Tony Stark has never been the kind of guy who’d let a little thing like being nearly dead slow him down and after a brief period as an AI, he found a way to come back from the other side better than he was before. Of course he did, he’s Iron-Man and Tony being Tony and the life and soul, quite literally as far as the former goes but not so much the latter (but more of that later), of the party and liking to keep his friends close and enemies closer, he also brought James Rhodes back to the land of the living. Who, unlike Tony, was completely and totally dead. Yeah that James Rhodes, the man also known War Machine, whose death at the hands of Thanos was responsible for triggering the whole second superhero Civil War. At least it was as far as Iron-Man was concerned, the same Iron-Man who ended up mostly dead in the same conflict that was started by War Machine being made dead. With me so far? Of course you are, you’re all smart, happening cats who have sort of got your whatnot together. Anyway, Tony and James were dead (or mostly dead), but they’re not anymore and it’s a new dawn, a new day and out with the old and in with the new and with Dan Slott onboard to guide his used-to-dead-but-they’re-not-anymore players destinies, the future is looking bright for everyone at Stark Industries in Self-Made Man.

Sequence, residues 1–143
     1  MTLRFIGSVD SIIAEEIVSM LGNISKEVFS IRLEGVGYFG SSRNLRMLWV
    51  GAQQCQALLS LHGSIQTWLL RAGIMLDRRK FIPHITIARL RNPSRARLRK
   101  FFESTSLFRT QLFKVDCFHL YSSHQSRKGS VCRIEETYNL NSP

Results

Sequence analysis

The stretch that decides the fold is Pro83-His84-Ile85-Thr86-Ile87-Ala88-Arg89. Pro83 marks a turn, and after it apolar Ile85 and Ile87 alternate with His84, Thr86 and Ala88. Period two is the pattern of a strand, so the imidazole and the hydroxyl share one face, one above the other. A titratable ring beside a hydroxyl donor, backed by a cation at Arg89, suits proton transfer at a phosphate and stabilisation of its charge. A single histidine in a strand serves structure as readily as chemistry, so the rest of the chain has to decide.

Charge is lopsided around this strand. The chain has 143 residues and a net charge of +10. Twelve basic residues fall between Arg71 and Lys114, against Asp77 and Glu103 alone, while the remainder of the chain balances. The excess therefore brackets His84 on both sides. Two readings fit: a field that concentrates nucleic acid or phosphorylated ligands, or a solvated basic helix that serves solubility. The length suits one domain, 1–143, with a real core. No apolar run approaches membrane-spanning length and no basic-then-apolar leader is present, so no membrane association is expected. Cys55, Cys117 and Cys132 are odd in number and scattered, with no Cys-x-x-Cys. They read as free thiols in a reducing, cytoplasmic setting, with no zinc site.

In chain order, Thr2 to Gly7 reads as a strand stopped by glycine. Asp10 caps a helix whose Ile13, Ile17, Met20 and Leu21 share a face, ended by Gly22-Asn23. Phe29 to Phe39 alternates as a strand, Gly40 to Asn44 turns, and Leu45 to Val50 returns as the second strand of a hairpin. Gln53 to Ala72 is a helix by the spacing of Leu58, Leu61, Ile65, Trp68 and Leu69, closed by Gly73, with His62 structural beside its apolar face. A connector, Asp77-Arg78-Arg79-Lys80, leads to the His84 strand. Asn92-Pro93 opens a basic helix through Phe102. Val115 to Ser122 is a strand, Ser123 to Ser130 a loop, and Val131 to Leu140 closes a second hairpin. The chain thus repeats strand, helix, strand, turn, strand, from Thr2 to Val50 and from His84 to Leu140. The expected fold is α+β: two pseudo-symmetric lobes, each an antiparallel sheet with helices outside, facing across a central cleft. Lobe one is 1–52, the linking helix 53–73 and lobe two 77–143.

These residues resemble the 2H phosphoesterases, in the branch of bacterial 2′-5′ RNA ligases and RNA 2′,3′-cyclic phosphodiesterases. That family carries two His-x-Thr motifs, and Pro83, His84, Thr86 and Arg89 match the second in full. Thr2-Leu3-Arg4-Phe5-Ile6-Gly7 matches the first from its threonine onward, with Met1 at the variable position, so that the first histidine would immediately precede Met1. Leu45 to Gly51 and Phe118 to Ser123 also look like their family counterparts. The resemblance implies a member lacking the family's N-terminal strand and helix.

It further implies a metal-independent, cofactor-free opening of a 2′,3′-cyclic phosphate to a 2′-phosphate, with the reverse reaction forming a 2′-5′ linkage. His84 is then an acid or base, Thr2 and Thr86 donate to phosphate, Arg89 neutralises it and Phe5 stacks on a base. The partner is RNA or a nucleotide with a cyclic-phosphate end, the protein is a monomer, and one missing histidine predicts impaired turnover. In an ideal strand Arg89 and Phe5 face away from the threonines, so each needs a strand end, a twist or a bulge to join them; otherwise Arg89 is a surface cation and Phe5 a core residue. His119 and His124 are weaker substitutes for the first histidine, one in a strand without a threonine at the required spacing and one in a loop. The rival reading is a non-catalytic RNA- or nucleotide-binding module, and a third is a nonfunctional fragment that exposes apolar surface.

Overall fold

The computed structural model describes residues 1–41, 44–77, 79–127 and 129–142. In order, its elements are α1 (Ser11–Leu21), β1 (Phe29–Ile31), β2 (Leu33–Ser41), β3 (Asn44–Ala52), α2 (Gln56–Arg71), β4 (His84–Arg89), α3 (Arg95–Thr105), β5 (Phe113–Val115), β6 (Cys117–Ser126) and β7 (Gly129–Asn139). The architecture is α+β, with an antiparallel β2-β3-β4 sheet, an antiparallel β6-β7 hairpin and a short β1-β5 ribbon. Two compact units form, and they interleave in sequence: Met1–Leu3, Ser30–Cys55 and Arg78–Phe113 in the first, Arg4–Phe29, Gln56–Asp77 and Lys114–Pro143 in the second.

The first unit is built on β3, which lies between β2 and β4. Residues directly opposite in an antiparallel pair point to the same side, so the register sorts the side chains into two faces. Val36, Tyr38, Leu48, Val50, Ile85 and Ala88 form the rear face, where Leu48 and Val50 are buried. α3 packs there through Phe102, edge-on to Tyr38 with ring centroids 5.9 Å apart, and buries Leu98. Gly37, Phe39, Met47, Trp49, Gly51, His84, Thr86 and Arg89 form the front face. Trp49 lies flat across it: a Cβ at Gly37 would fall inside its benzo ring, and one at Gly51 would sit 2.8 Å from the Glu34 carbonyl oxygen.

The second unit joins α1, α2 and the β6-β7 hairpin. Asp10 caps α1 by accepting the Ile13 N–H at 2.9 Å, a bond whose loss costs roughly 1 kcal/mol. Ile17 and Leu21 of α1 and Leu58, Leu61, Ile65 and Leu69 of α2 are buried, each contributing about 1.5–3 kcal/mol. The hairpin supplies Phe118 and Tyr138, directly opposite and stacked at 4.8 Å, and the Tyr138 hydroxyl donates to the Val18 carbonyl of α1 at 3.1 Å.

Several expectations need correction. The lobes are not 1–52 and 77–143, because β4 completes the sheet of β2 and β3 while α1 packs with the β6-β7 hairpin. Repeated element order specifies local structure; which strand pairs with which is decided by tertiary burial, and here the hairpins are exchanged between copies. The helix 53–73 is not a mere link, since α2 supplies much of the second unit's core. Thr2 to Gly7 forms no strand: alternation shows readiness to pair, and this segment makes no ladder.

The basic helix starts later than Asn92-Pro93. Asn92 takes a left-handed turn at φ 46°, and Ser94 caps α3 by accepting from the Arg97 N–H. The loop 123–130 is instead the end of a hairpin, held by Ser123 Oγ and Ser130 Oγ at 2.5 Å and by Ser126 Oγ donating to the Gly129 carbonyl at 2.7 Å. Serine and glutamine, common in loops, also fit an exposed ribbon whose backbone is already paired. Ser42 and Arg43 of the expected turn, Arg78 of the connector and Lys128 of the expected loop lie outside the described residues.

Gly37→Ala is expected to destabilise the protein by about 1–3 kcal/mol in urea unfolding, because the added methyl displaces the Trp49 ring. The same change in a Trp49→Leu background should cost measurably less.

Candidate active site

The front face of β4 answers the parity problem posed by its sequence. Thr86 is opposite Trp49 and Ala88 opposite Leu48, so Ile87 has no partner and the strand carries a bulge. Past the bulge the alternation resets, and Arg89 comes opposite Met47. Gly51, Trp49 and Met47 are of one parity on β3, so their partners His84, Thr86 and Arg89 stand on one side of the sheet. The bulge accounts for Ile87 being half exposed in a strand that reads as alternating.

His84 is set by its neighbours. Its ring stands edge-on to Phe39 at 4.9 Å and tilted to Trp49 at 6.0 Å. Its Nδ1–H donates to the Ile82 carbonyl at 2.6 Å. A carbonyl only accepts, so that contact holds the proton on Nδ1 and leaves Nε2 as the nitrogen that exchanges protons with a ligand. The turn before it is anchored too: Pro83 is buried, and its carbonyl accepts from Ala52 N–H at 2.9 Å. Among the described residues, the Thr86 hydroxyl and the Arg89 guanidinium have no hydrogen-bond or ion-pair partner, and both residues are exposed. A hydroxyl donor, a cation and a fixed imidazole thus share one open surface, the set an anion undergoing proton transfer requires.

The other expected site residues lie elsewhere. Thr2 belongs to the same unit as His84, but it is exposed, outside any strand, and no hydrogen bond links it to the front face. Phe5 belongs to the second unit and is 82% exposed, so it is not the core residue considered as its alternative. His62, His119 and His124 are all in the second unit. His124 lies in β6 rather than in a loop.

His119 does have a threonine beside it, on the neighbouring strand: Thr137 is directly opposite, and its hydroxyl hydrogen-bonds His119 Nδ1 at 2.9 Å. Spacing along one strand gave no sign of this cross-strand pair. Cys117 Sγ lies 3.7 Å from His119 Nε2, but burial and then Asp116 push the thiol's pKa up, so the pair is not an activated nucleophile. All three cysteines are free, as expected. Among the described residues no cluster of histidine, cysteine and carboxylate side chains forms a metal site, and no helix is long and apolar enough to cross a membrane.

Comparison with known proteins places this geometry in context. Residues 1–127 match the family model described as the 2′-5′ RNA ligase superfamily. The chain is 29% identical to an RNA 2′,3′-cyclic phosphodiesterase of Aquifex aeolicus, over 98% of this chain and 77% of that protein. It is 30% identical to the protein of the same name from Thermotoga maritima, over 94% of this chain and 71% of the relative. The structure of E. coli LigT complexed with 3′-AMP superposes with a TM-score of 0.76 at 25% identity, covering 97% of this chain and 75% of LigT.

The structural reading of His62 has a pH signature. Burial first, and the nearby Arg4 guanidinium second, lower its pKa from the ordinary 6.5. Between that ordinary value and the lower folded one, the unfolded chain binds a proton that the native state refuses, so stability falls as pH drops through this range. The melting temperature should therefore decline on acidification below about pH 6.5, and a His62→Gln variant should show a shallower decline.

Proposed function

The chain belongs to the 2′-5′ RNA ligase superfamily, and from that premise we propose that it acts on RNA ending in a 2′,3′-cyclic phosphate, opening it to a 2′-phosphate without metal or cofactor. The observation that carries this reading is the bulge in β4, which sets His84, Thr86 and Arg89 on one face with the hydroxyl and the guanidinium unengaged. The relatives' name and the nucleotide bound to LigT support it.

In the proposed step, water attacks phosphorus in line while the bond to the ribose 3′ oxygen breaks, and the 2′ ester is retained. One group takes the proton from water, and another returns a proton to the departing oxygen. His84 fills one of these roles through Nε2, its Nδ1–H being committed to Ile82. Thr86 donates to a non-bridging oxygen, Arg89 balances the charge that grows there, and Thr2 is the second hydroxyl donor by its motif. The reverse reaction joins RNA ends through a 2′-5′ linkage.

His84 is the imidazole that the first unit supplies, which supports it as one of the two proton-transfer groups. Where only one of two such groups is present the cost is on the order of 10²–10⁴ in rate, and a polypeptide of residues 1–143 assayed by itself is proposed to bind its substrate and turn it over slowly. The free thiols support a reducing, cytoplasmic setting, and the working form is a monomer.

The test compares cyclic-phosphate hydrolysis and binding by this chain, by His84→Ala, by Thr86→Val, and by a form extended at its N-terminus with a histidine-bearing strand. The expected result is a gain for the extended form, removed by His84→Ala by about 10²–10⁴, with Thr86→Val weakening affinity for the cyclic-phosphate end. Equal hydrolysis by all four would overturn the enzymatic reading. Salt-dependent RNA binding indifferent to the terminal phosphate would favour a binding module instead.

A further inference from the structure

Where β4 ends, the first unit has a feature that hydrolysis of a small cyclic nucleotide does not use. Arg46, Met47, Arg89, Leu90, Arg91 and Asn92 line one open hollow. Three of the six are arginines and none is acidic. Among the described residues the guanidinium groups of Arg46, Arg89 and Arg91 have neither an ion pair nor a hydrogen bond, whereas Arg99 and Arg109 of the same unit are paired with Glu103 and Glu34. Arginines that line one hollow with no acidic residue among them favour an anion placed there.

Or at least it would be if they weren’t having to fight off giant monsters, deal with their technology being stolen and incorporated into devastating battlefield weapons, attempting to find and deal with the saboteur trying to destroy their company and prevent an android invasion and take-over of the ground-breaking VR software that they’re (they in this case being Stark Industries, which for all intents and purposes means Tony) about to release world-wide. Which is enough more than enough plot and related story content to fuel a ten issue arc at least, but Dan Slott squeezes all of that, plus a whole load of juicy angst driven personal arcs in which Tony questions who he now is, Rhodey decides that suiting up just isn’t for him, Iron-Man’s mum ends up on the path to true love and Jocasta’s desire to be more than she is is laid bare in a thoughtful and intelligent sub-plot that questions what it means to be human. And all of Slott’s crazy, wonderful interconnected stories are brought into being and made “flesh” by the mind-blowing artwork of his three artistic amigos, Schiti, Dunbar and Lim, who like the writer that they’re teamed with, go above and beyond the call of duty in Self-Made Man. Welcome back Iron-Man… Tim Cundle